ANNAPOLIS – Gov. Larry Hogan and chief county prosecutors battled the public defender’s office and the ACLU on Tuesday over his proposal to impose mandatory minimum sentences on repeat gun offenders, with law enforcement calling the measure necessary to reduce slayings and the defense saying it would usurp judicial discretion.
“We cannot allow this senseless violence to terrorize our communities,” Hogan aide Cara Sullivan told a Senate committee reviewing the governor’s legislation. “We must have the tools to hold these violent repeat offenders accountable.”
But public defender Christine DuFour said mandatory minimums focus only on the aggravating factor of the crime and bar judges from considering the defendants’ individual circumstances before sentencing.
“Judges listen to both sides when rendering their decisions,” DuFour told the Senate Judicial Proceedings Committee.
Under Hogan’s controversial proposal, a person convicted a second time of using a firearm in committing a crime of violence would face a mandatory 10-year sentence. A person convicted a second time of using, wearing, carrying or transporting a gun in relation to a drug-trafficking crime would face a mandatory 20-year sentence.
Hogan’s measure, introduced by a group of Republicans legislators, was spurred by the record 343 homicides in Baltimore last year, 88 percent of which were firearm deaths, Sullivan told the committee.
She said the governor’s call for mandatory minimums is “narrowly tailored” to address repeat offenders who use guns not for self-protection but to commit crime.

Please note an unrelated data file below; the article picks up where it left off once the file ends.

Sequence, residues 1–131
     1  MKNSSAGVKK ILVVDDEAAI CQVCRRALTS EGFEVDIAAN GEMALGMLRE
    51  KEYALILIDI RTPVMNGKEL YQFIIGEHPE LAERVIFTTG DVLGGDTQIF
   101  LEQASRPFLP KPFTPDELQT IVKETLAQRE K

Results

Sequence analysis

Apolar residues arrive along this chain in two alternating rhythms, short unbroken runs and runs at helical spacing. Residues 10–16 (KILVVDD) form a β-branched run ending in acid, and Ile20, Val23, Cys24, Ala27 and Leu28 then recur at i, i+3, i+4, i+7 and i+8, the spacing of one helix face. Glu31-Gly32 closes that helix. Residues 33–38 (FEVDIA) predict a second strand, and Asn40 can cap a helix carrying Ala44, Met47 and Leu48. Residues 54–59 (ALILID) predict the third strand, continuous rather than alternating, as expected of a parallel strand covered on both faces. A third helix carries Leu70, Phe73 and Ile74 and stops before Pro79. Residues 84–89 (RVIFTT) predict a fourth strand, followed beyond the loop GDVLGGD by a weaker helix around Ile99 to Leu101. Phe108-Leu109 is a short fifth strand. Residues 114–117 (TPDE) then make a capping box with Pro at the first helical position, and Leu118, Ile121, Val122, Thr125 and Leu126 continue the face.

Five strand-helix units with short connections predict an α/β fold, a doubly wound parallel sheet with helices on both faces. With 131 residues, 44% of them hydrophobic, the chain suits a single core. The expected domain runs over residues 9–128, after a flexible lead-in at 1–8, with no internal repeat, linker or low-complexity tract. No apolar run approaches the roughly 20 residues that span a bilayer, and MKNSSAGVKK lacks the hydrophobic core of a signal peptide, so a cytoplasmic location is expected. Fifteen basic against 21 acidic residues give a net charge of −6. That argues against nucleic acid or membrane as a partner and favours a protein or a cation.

“This is a tool for prosecutors and the criminal justice system to hold violent offenders accountable,” Sullivan told the committee.
But Sen. Delores G. Kelley, the committee’s vice chair, voiced concern that the proposal would unfairly punish youngsters in blighted, violent neighborhoods who fall into the drug trade because they see no other option. Judges should be permitted to regard such dire, mitigating circumstances at sentencing, Kelley told Sullivan.
“Think of mitigation as a real part of life,” added Kelley, D-Baltimore County.
Kelley called it “foolhardy” to focus on mandatory sentences “on the back end” and not address the need to improve education and employment opportunities that would discourage youngsters from turning toward drugs and violence.
“We’ve got to fight crime on the front end,” Kelley said.
Sen. Susan C. Lee, D-Montgomery, also opposed the mandatory-sentencing proposal, saying judicial discretion is needed because “maybe one size doesn’t fit all.”
Baltimore County State’s Attorney Scott D. Shellenberger said he endorses improved educational and employment opportunities but that as a prosecutor he must have strong criminal statutes to protect the public.
“There are individuals killing other individuals,” Shellenberger told the committee. “I believe it has to be a holistic approach, but that’s not what I do for a living.”
Anne Arundel County State’s Attorney Wes Adams echoed Shellenberger, saying his job is “taking violent offenders off the street.”
But Sen. C. Anthony Muse, D-Prince George’s, said crime-fighting involves “a multi-pronged approach and it doesn’t just involve tougher laws.”
Adams responded that prison must be part of the solution, with its goals of rehabilitation, punishment, public protection and deterrence.
“It’s hope and sanctions,” Adams said. “It’s not just hope; it’s not just sanctions.”
Toni Holness, of the American Civil Liberties Union of Maryland, said mandatory minimum sentences without judicial discretion have “been tried and proven ineffective” in combating gun violence and the drug trade.
“These policies have not worked,” Holness told the committee.
But Sens. Justin D. Ready and Robert G. Cassilly, sponsors of the governor’s bill, disagreed, saying certain sentences work in individual cases.
“It’ll work at preventing that person from committing crime for a few years,” said Ready, R-Carroll.
Cassilly, R-Harford, said a mandatory minimum would succeed at “removing bad actors from the public square.”
Hogan’s measure has been filed in the Senate as Senate Bill 197 and in the House as House Bill 101.